As we know, tracking orders is important to consumers. And we just mentioned that traditional retailers often direct their customers to third party delivery carriers for this information. This means retailers are missing the chance to promote additional products to that customer. Who could turn down that tempting bag to complement that gorgeous new dress...

Just imagine, if from 3 million customer orders, 20% made another £10 impulse purchase, that’s £6 million additional revenue. That’s certainly not a figure to be sniffed at.

“If the customer is interacting with a delivery tracker anywhere other than on the retailer’s website, the retailer is missing a huge opportunity, and regrettably losing out on millions of pounds of untapped revenue.”

Bright Masih, National Sales Manager, Sorted Group

A multichannel retailer could, however, use SortedREACT to embed dynamic delivery consignment data into a personalised page, on which customers can reach their order tracker and receive personalised product offers at the same time.

Use the right buyers

Another successful trait of fast fashion retailers is sourcing exactly the right products for their customers. Always.

This eagle-eyed focus on a perfect range requires finding (or keeping) the right buyers. Often, for leading fast fashion houses, the founder remains as head buyer. Why? In most cases they know what their customers want best.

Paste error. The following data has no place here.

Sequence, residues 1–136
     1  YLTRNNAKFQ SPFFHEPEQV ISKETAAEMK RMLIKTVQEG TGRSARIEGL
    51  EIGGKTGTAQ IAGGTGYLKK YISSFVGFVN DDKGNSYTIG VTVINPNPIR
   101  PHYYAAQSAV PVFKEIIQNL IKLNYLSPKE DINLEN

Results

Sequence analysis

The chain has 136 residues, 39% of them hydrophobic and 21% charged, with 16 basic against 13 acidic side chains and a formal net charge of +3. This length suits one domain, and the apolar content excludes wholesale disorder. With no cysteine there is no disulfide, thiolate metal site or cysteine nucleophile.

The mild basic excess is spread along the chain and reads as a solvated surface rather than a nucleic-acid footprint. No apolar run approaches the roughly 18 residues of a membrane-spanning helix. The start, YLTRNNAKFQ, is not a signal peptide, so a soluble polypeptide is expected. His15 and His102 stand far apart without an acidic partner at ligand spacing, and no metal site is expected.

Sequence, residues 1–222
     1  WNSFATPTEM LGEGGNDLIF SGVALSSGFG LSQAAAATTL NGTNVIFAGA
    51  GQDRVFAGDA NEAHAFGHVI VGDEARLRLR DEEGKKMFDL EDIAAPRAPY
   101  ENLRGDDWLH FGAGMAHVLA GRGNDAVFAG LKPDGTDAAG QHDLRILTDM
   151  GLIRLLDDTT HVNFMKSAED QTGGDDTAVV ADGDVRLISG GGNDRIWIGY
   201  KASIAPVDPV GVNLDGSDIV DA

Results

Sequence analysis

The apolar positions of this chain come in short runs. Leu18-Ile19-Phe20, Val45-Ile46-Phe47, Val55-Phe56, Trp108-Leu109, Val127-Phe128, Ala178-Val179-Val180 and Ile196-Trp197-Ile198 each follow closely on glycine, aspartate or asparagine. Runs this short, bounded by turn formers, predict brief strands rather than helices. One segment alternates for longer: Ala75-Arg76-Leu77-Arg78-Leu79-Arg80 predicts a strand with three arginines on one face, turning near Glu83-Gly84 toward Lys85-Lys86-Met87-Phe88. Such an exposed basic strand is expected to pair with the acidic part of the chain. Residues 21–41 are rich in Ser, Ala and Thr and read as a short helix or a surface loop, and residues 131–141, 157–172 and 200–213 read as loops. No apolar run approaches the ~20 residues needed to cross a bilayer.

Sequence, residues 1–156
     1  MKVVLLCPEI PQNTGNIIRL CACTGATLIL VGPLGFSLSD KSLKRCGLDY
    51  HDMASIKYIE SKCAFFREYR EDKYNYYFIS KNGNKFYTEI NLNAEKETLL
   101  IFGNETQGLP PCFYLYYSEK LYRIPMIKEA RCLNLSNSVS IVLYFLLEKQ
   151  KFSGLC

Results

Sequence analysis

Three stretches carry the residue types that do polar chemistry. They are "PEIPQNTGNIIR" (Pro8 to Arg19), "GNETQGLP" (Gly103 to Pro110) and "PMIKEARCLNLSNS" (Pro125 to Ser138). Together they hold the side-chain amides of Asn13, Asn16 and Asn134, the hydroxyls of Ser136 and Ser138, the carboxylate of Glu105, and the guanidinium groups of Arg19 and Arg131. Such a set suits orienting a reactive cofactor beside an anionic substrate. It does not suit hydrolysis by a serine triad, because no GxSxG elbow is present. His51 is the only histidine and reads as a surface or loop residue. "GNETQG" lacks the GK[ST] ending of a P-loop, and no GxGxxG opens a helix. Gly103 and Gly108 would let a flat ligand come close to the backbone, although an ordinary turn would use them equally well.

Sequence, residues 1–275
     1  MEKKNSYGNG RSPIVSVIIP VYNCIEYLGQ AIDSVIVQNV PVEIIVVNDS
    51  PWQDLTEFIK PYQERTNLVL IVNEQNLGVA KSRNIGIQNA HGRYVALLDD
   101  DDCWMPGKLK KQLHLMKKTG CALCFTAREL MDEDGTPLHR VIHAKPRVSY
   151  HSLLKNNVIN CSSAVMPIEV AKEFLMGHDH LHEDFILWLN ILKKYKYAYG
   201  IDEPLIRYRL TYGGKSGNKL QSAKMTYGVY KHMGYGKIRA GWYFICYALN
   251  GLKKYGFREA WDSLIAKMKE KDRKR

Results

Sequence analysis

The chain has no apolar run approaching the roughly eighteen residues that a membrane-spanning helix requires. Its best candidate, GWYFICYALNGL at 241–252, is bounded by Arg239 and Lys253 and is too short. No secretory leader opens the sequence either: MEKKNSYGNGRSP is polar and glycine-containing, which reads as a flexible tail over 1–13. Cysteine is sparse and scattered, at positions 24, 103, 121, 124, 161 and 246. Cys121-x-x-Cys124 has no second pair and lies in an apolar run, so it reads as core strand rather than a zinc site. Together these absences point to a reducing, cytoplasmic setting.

“Buying the right products is absolutely essential. I know of a fashion retailer that dropped 50% of its revenue because it had a different buyer. If you have buyers that are sourcing products for lots of different demographics, they might not have the right eye.”

Bright Masih, National Sales Manager, Sorted Group

Be relevant

Fast fashion retailers have precisely the right attitude to social influencers.

Attaching their marketing to the right people in the public eye ensures these brands are continually relevant to their audiences. Multichannel retailers, meanwhile, are attempting a move into a digital-first culture. Yet in many cases they just aren’t doing it correctly. Influencer marketing is one such missed opportunity.

“Take Missguided, for example. This summer they aligned themselves with Love Island. This approach proves how highly relevant they are. They just get it. Simple as that. Retailers have to think like digital natives.”

Bright Masih, National Sales Manager, Sorted Group

So, there are plenty of tips and tricks that traditional merchants can learn from successful fast fashion retailers. From increased brand relevance to higher convenience through new technologies, those retailers who fail to keep up with consumer trends may suffer long term or irreparable damage.